How Did Camp Lejeune Water Cause Cancer?
Underground storage tanks that held Camp Lejeune’s water were contaminated with volatile organic compounds (VOCs) known to cause cancer. It is believed that two water supply wells were affected — Tarawa Terrace and Hadnot Point.
According to the federal government’s Agency for Toxic Substances and Disease Registry (ATSDR), military service members, civilian workers, and their family members who lived or worked on the base while the water was contaminated are at risk of developing cancer from the Camp Lejeune water.
What Chemicals Were in Camp Lejeune Water?
ATSDR determined that Camp Lejeune water contained carcinogenic toxic chemicals that may have included:
- Dichloroethylene (DCE)
- Tetrachloroethylene — also known as perchloroethylene (PCE)
- Trichloroethylene (TCE)
- Vinyl chloride
- Other contaminants
What Is the Time Frame for the Camp Lejeune Contamination?
According to ATSDR, the drinking water at Camp Lejeune was contaminated from the 1950s through the 1980s. Anyone who lived or worked on the base during this timeframe may have been exposed to the contaminated drinking water.
Since families lived on the base, including pregnant women, anyone born until the mid-1980s could be at risk for cancer and other health conditions caused by toxic exposure.
How Many People Are Affected by the Contamination at Camp Lejeune?
An estimated 1 million people are believed to have been exposed to the toxic water at Camp Lejeune.
Cancer from Camp Lejeune Water Contamination
Multiple types of cancer have been linked to the tainted water at Camp Lejeune, including:
- Bladder cancer
- Brain cancer
- Breast cancer
- Cervical cancer
- Colorectal cancer
- Esophageal cancer
- Kidney cancer
- Liver cancer
- Lung cancer
- Multiple myeloma
- Non-Hodgkin’s lymphoma
- Pancreatic cancer
- Prostate cancer
Bladder cancer usually begins in the cells that line the bladder, kidneys, and ureters.
Symptoms of bladder cancer often include:
- Back pain
- Blood in urine
- Frequent or painful urination
When doctors diagnose bladder cancer early, it is often treatable. However, bladder cancer often comes back, even after treatment. Camp Lejeune water contamination victims diagnosed with bladder cancer may face a lifelong battle with the condition.
Renal cell carcinoma is the most common adult form of kidney cancer. This cancer is often discovered in the early stages when it is still tiny.
Kidney cancer can be symptomless at first but may eventually lead to:
- Blood in the urine
- Loss of appetite
- Pain in the back or side
Liver cancer begins in the cells of the liver, located in the upper right portion of the abdomen. The most common type of liver cancer is hepatocellular carcinoma.
Symptoms of liver cancer may include:
- Abdominal swelling
- Jaundice (yellowing of the skin and whites of the eyes)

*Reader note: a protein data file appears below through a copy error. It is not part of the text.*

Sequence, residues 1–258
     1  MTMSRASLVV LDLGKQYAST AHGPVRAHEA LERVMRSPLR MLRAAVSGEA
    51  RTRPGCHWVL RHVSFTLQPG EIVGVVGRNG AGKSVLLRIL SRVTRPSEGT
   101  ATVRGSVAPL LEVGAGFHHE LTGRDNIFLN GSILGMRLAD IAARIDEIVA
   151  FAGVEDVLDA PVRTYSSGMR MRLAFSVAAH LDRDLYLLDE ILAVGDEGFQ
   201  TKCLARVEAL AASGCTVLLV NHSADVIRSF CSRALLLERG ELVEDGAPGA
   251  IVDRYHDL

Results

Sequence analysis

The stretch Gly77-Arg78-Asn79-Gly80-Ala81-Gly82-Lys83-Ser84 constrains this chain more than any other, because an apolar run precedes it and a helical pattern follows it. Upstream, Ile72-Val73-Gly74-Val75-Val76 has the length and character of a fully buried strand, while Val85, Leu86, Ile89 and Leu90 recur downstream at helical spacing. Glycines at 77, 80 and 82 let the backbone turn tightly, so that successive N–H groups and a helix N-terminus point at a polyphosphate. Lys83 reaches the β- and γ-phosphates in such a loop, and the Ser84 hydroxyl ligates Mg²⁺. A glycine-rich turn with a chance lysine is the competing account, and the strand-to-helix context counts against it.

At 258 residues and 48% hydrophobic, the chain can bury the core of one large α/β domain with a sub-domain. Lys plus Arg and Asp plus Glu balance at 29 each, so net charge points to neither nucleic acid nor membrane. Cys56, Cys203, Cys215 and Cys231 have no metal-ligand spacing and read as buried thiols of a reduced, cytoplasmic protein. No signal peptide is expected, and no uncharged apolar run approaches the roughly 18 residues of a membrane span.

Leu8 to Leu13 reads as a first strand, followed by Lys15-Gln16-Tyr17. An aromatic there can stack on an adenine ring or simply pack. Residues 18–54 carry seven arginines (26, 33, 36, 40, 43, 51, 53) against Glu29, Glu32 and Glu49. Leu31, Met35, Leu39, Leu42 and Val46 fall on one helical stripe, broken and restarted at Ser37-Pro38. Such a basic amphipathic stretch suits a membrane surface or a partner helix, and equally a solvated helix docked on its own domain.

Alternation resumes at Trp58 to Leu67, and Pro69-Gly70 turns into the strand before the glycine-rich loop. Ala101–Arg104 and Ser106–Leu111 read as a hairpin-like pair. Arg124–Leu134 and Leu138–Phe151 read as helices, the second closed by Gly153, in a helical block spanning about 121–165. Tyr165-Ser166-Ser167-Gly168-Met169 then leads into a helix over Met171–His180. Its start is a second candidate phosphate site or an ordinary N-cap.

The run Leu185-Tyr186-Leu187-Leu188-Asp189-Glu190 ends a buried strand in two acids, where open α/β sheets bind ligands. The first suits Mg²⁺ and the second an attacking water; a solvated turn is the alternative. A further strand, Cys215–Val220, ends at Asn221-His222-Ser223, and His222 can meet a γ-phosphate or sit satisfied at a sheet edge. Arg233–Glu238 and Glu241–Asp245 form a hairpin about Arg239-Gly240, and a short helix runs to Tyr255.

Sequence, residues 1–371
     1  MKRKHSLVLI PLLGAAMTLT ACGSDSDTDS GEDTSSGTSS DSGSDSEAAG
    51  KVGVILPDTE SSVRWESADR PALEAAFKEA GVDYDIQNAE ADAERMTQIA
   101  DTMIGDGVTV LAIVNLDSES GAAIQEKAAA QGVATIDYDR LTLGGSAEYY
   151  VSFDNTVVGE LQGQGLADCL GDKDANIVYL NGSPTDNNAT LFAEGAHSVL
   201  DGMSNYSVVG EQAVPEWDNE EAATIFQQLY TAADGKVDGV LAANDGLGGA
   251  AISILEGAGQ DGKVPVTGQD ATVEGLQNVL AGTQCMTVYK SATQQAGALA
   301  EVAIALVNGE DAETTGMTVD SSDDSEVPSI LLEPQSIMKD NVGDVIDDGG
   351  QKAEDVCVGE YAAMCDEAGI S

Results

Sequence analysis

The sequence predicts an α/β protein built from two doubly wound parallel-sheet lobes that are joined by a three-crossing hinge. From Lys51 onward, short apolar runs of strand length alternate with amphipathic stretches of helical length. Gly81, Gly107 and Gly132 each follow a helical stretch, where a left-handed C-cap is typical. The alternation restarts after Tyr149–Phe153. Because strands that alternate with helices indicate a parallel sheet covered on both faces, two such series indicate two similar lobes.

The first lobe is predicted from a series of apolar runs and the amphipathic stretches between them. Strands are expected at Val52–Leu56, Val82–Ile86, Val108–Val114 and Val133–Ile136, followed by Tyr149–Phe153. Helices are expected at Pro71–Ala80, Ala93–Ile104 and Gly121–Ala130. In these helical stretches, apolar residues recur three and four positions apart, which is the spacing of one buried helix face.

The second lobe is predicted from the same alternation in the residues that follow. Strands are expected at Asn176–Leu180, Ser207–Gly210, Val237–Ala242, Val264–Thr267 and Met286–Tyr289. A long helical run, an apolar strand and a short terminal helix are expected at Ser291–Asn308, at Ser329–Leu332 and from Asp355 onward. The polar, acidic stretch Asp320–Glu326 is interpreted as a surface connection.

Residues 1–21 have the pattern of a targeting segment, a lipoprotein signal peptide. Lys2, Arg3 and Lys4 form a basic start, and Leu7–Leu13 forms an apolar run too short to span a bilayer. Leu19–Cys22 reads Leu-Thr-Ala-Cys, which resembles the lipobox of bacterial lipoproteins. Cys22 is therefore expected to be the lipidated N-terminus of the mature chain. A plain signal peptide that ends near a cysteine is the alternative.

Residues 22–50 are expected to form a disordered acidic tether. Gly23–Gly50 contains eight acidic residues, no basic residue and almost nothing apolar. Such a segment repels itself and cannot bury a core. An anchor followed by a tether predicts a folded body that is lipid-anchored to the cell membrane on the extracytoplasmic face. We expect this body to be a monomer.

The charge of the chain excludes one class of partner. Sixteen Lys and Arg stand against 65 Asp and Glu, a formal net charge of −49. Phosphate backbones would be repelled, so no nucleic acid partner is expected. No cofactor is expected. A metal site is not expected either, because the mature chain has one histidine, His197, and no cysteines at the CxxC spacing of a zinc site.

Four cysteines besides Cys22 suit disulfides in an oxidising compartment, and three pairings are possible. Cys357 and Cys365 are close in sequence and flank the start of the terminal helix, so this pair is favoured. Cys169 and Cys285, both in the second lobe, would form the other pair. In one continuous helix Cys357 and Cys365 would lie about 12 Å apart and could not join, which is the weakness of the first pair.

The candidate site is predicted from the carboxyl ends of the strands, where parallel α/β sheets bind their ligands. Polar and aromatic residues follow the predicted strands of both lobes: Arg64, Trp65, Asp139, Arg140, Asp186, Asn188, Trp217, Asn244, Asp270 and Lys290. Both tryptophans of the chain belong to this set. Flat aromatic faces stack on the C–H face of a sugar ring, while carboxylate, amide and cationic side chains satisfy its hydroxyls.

- Loss of appetite
- Nausea and vomiting
- Unexplained weight loss
- Upper abdominal pain
- White, chalky stools
It is more likely that cancer from another part of the body will spread to the liver rather than beginning in the liver.
Multiple myeloma is a cancer that forms in plasma cells, a type of white blood cell. Cancerous plasma cells gather in the bone marrow and force healthy blood cells out.
Multiple myeloma can be symptomless at first but may eventually cause:
- Bone pain, especially in the chest or spine
- Confusion or mental fogginess
- Excessive thirst
- Weakness or numbness in the legs
There are many treatment options for people with multiple myeloma.
Non-Hodgkin’s lymphoma is cancer that starts in the lymph nodes and lymphatic tissue, which are part of the body’s immune system. With this form of cancer, white blood cells called lymphocytes can grow and form tumors throughout the body.
There are many types of non-Hodgkin’s lymphoma, including:
- Chronic lymphocytic leukemia
- Cutaneous B-cell lymphoma
- Cutaneous T-cell lymphoma
- Follicular lymphoma
- Waldenstrom macroglobulinemia
Symptoms of non-Hodgkin’s lymphoma often include:
- Abdominal pain or swelling
- Chest pain, coughing, or trouble breathing
- Night sweats
- Swollen lymph nodes in the neck, armpits, or groin
- Unexplained weight loss
Cancer in Children Born at Camp Lejeune
Children born at Camp Lejeune were also found to have higher rates of birth defects and cancers such as lymphoma.
According to an NBC News investigative report, Marines have complained for years that Camp Lejeune’s water caused their children to suffer from cancer. Reports of children harmed are especially troublesome because the military didn’t warn families and children born on the base of their increased risk of Camp Lejeune water cancer.
Cancer treatment is most effective when caught early but can still be severe. If people knew they were at a higher risk of Camp Lejeune water cancer, they might have scanned for symptoms and pursued diagnosis and treatment earlier.
If you or a loved one is showing any signs and symptoms of the conditions discussed above, see your doctor without delay.
If you have had cancer or other health issues after working or living at Camp Lejeune, contact a lawyer connected to the Camp Lejeune Claims Center to pursue financial compensation.
Get Help for Camp Lejeune Water Contamination Health Issues
If you or a loved one lived or worked at Camp Lejeune for at least 30 days between 1953 and 1987, you may have been exposed to harmful chemicals. The Camp Lejeune Justice Act of 2022 may qualify you to receive legal compensation.
Even if the exposure happened long ago, you can still pursue justice.